There is strong advocacy among anti-corruption advocates for agencies that aim to prevent and stop corruption, a key to creating a healthier democracy. An effective anti-corruption agency (ACA) is independent, adequately funded, transparent and empowered to thoroughly investigate.
The November TINZ board meeting included an informative presentation and discussion about the imminent creation of an Australian anti-corruption agency. Hon Stephen Charles AO KC from the Centre for Public Integrity in Australia was our guest presenter.
Both the Centre for Public Integrity and Transparency International Australia have invested years pushing for an anti-corruption agency in Australia. Transparency International Australia has been at the forefront of advocacy on this issue, including a formative submission to the Joint Select Committee on National Anti-Corruption Commission Legislation.
The United Nations Convention against Corruption (UNCAC) gives global recognition to the idea of an anti-corruption body or bodies to both prevent and combat corruption. According to Transparency International’s Anti-Corruption Agency Strengthening Initiative (ACASI), UNCAC “envisages anti-corruption agencies as a key player in the fight against corruption.“
No, not meat, pork barrel.
Stephen Charles elaborated on the serious questions of integrity and the long process leading to the establishment of the Integrity Commission in Australia. Work remains to ensure the result is a body able to be effective against corrupt activity. View his presentation and the ensuing discussion on Youtube.
Stephen Charles discussed two major Australian pork barrel incidents that highlighted the need for an anti-corruption agency. Pork barrelling is not a term used in New Zealand, it refers to the utilisation of government funds for projects designed to please voters or legislators and win votes.
Prior to the 2020 elections - and only discovered afterwards – the Sports Minister completely ignored the recommendation from the Sports Commission on the allocation of $100 million to local sporting bodies, instead allocating the funds to focus on marginal electorates held by the Coalition as well as those electorates held by other parties or independent members that were to be “targeted” by the Coalition at the 2019 Election.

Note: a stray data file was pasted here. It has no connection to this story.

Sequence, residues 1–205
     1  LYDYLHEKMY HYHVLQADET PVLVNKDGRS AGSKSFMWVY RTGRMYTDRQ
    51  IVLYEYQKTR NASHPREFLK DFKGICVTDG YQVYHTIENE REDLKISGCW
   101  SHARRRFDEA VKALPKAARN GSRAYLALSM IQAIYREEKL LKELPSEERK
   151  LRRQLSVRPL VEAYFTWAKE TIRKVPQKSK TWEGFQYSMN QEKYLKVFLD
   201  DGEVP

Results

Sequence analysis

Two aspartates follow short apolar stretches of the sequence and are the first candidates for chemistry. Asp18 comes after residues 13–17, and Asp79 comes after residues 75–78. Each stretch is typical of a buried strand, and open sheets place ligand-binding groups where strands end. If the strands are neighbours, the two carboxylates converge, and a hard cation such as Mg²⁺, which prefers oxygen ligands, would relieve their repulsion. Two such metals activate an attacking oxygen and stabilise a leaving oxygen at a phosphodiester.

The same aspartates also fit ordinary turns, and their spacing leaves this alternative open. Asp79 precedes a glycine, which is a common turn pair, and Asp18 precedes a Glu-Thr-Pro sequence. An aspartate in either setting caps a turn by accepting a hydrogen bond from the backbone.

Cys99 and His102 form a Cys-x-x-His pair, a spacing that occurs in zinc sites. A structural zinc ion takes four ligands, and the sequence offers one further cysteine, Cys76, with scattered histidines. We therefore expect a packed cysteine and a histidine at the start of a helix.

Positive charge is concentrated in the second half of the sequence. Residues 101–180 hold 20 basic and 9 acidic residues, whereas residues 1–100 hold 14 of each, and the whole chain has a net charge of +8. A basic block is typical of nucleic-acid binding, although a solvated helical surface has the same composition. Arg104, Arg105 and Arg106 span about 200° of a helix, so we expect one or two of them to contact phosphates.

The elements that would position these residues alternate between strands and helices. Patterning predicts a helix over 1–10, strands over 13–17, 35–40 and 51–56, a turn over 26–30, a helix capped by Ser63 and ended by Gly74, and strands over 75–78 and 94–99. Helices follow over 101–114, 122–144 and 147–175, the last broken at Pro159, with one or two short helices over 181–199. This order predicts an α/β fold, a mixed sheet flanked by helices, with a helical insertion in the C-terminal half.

Little over a year later the Auditor General found that an urban fund had distributed $8,000M allocated for car parks based largely on political patronage.
Fallout from these events contributed to a significant drop in Australia’s position in the Corruption Perceptions Index from 7th in 2012 to 18th in 2022.
New Zealand - Is there a need?
The presentation about corruption issues in Australia led to the obvious question about whether there is a need for an anti-corruption agency in New Zealand.
New Zealand remains solidly at the top of the Corruption Perceptions Index (CPI) and has not seen major corruption incidents similar to those of Australia. Neither Denmark or Finland - consistently at the top of the CPI along with New Zealand - have a dedicated ACA although both have a national anti-corruption strategy (and consider facilitation payments bribery). New Zealand does not yet have a national anti-corruption strategy despite it being promised for many years.
It has been argued that between OAG, SFO, the Ombudsman and the New Zealand Police, New Zealand has sufficient agencies able to address corruption. This is partly supported by ACASI when analysing ACAs in the Pacific in 2017.
Anti-corruption commissions usually investigate alleged political and public sector corruption and are founded by statute or constitutional status.
New Zealand has not seen public sector or political corruption similar to Australia, but does face private sector corruption cases which are summarised in reports from the Serious Fraud Office and the Financial Intelligence Unit. Gaps in political integrity oversight remain with examples being issues around Parliament and political party funding and elections. Without a national strategy and a coordinated risk assessment approach, how do we know the size of the problem and protect our country from emerging risks?
We think this discussion needs to start. New Zealand’s corruption prevention mechanisms need to be independent, comprehensive, future looking and well funded. We can do this either through an anti-corruption agency or by further funding and empowering existing agencies.